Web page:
Best Fried Turkey Ever !
Follow these steps to the "Best Fried Turkey Ever!"
The ideal size for a fried turkey is between 10 and 16 pounds. Never attempt to fry a turkey larger than this as it may cause your fryer to boil over! And it may be impossible to safely handle one any larger.
We generally keep ours around 13 pounds.
Click on the photo to enlarge.
1. Defrost your bird, rinse and clean it out thoroughly. Remove the plastic done button if your bird has one!
2. Determine the oil line in your fry pot for the turkey. Put the turkey on the fry stand and lower it down into the empty fry pot. Fill the pot with COLD water until the water is about ½ inch above the turkey. Remove the turkey allowing the water to drain back into the pot, dry it off and place into the refrigerator.
Now mark the water line in the pot with a permanent marker, you may want to use a ruler to measure the water line from the top of the pot. Pour out the water and use a bleach/water solution to sanitize the ruler, stand and the fry pot. Set the pot aside and allow it to dry.
3. Brine the bird for at least 10 to 12 hours, usually overnight at a temperature not greater than 40 degrees F. We´ve found that a large Rubbermaid storage container will fit into the bottom of our refrigerator. You can sit the container outside on a deck in a protected location if the temperatures are cold enough. Don´t put it into the sunlight! Never use the aluminum fry pot for brining, as the salts will react with the aluminum. Since we are brining the bird, it is unnecessary and undesirable to also use a seasoning injector.
The Ultimate Brine Recipe:
1 ½ gallons COLD water (6 quarts)
1 ½ cups Kosher Salt
1 ¼ cups dark brown sugar
3 tablespoons freshly cracked black peppercorns
1 tablespoon dried sage
2 teaspoons dried thyme (or 5 to 6 fresh sprigs)
4 to 6 bay leaves
3 to 4 fresh rosemary sprigs
2 to 3 lemons quartered
2 to 3 oranges quartered
Place the turkey, breast down, into your brining container and pour the brine over it. If the turkey isn´t completely submerged, mix ½ cup Kosher salt and ½ cup dark brown sugar to each additional gallon of COLD water. If the turkey floats up (it will) place a heavy plate or bowl on top to keep it submerged.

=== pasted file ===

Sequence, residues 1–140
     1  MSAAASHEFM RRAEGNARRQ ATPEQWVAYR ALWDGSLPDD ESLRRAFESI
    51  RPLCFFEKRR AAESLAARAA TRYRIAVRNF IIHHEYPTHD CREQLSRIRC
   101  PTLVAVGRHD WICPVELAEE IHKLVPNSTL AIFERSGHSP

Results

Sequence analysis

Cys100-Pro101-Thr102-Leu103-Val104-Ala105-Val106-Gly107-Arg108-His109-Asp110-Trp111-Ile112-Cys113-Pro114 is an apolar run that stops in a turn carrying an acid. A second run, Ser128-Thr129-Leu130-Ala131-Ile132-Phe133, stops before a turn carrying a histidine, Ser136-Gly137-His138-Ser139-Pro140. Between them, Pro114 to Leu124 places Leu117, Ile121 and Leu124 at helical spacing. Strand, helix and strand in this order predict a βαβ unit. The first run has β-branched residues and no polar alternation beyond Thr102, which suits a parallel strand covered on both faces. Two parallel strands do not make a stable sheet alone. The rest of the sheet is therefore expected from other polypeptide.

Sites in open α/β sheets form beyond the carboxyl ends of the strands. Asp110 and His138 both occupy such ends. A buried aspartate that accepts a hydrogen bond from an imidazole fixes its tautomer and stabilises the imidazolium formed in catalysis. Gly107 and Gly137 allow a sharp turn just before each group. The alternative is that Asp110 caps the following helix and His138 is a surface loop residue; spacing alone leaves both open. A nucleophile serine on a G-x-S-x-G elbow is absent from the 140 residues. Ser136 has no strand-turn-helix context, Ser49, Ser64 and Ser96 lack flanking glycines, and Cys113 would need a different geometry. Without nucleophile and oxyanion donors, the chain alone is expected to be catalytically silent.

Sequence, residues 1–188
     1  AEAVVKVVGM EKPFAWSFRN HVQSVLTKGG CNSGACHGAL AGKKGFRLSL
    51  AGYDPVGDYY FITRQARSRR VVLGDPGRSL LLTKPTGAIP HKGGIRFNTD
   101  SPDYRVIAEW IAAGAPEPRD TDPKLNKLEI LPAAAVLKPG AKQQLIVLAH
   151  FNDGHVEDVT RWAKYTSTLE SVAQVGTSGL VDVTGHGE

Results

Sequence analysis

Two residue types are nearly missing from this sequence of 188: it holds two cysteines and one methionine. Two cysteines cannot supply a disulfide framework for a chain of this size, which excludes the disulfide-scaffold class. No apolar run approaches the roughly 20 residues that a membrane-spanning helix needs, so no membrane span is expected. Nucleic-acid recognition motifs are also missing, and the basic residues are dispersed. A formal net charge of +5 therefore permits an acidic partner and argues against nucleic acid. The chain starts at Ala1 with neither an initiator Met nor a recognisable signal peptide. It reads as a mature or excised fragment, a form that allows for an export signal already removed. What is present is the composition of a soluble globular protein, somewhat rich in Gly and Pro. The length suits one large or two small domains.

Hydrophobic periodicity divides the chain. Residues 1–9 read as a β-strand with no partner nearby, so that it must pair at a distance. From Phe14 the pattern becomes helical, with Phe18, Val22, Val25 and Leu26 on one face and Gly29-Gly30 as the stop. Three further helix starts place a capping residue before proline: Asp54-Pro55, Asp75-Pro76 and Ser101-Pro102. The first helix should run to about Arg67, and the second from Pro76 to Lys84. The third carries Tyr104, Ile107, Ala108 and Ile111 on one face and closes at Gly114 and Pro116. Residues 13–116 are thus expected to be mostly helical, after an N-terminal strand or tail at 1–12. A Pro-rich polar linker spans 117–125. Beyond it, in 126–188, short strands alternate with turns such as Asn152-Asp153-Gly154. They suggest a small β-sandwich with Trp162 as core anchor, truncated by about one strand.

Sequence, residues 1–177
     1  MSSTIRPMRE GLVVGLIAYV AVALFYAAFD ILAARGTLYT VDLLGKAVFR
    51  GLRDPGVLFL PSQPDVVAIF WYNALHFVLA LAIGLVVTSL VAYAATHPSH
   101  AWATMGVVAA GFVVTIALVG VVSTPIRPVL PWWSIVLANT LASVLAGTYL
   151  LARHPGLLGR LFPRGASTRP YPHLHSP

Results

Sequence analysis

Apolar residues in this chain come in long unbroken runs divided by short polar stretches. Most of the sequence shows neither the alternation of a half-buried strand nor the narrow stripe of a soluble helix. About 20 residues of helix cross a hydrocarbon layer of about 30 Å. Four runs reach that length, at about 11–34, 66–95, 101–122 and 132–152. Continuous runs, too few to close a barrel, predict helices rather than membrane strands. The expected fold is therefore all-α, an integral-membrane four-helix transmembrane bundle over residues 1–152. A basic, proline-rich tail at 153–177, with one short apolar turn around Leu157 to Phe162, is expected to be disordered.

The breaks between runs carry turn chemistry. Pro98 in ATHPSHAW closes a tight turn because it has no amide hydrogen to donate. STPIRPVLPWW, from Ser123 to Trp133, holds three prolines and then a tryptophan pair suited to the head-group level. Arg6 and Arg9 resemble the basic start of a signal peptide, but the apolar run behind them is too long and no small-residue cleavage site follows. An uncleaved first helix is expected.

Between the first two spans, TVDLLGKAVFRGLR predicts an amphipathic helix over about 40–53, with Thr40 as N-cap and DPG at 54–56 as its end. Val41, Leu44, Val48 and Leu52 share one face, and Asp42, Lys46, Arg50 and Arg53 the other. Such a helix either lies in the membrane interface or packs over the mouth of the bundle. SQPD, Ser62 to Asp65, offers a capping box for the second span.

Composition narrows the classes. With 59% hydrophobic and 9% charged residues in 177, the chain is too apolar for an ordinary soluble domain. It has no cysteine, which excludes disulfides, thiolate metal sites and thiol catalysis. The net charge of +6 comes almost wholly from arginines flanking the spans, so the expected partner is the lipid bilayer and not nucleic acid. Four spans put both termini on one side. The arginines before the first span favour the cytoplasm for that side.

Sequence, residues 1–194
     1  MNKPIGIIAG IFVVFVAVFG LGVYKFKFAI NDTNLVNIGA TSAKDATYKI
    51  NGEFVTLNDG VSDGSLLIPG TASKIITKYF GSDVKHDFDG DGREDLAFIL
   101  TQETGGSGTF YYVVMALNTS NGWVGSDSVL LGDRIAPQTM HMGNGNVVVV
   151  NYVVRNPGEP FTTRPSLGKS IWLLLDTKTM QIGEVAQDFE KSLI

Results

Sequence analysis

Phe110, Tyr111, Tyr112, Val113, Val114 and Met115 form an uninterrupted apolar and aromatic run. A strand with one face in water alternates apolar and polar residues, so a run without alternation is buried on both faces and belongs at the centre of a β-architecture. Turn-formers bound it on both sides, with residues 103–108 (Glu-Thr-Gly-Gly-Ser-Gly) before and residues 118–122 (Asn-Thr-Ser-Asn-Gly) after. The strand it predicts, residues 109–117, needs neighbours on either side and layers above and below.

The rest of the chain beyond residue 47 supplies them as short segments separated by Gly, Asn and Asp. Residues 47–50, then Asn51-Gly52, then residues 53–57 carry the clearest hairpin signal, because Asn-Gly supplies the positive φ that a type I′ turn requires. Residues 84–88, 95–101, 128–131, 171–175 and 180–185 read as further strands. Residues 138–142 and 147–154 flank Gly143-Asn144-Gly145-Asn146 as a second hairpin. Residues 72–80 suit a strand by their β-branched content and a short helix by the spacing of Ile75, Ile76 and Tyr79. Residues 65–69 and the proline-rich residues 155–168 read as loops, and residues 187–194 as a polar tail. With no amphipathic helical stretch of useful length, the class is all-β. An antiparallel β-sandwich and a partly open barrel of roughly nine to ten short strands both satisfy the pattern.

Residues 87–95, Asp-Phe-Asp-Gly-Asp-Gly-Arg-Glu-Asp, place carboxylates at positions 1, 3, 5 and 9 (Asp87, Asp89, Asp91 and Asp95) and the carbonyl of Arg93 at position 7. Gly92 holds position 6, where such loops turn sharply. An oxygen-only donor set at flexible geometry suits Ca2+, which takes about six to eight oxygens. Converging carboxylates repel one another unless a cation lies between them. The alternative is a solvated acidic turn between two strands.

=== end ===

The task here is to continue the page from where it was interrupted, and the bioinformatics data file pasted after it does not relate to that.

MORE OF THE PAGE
Click on the photo to enlarge.
4. The next morning, remove the turkey from the brine solution and thoroughly dry it, inside and out. Allow the turkey to start coming up to room temperature.
5. Dry rub the turkey with the best poultry seasoning you can find. Try your best to get the rub all inside, underneath as much loose skin as you can, especially the breast area.
We use "Tulocay´s: Made in Napa Valley Herbed Poultry Rub with Sea Salt and Cracked Pepper". Its available online at http://www.madeinnapavalley.com and at most Cost Plus World Markets.
6. Place the turkey onto the fry pot stand, breast end down (legs up top) and continue to allow the turkey to come up to room temperature. Invert the wing tips and tuck them in tightly so they don´t get burnt up.
7. Prepare to fry. You will need a 40 to 60 quart fry pot with a high BTU burner, a full propane tank, about 6 gallons of peanut oil, fire-safe gloves, a candy thermometer to measure oil temperature, a meat thermometer to test the turkey doneness and just in case, a fire extinguisher.
Setup in an open flat area. DO NOT setup in your garage! Oil will pop and splatter, so you probably do not want to fry on your driveway either.
8. Fill the pot to the previously marked water line with the peanut oil no higher! The hot oil will expand about an inch in depth as the temperature rises to 350-400 degrees F.
9. Light the burner and adjust for maximum heat output. The burner is usually hottest and most efficient when it sounds like a jet plane constantly taking off.
10. Attach the candy thermometer and make sure its down into the oil. Observe as the temperature rises. DO NOT leave the pot untended! DO NOT allow pets or children to be in the area!
11. Monitor the oil temperature, when it´s around 375 to 400 degrees: TURN THE BURNER OFF. You´re ready to SLOWLY lower the turkey into the pot. Slowly lowering a 16 pound turkey into 400 degree boiling oil may require two people. Expect vigorous boiling as the turkey goes in. If any moisture remains on the turkey it will cause the oil to splatter and pop. For safety, wear a long sleeve shirt. The oil temperature will drop to 325 to 350 degrees. Relight the burner.
12. Monitor the oil temperature; never allow it to go above 400 degrees or a flash fire can result. Ideally keep the oil temperature between 350 to 375 degrees. Whole turkeys require 3 to 3 ½ minutes per pound to cook. A 15-pound turkey cooks in about 45 minutes!!We prefer to fry small turkeys between 12 to 13 pounds. It's much safer and you don't have to worry so much about the pot boiling over!
13. Raise the turkey up out of the oil to check its temperature with a meat thermometer. When it´s about done, the temperature in breast should be 170 degrees and the thigh should be 180 degrees. If it´s not done, slowly lower it back into the oil. The turkey may start to float up a bit as it gets done.
14. Remove the turkey when it´s done, turn off the burner and cover the oil. Allow the turkey to stand upright for about 15 minutes to drain the excess oil out of it.
15. Carve and serve!!
16. The oil may be saved and reused 3 to 4 times. Strain the oil as you return it to its original containers. If you have room to store the oil in a refrigerator, it will keep for several seasons. Don´t reuse the oil with a turkey if you´ve had a fish fry!!
Download the Recipe as a PDF File.
Click on the photo to enlarge.|
|Prepared by Robert D. and Chef Matthew Merritt|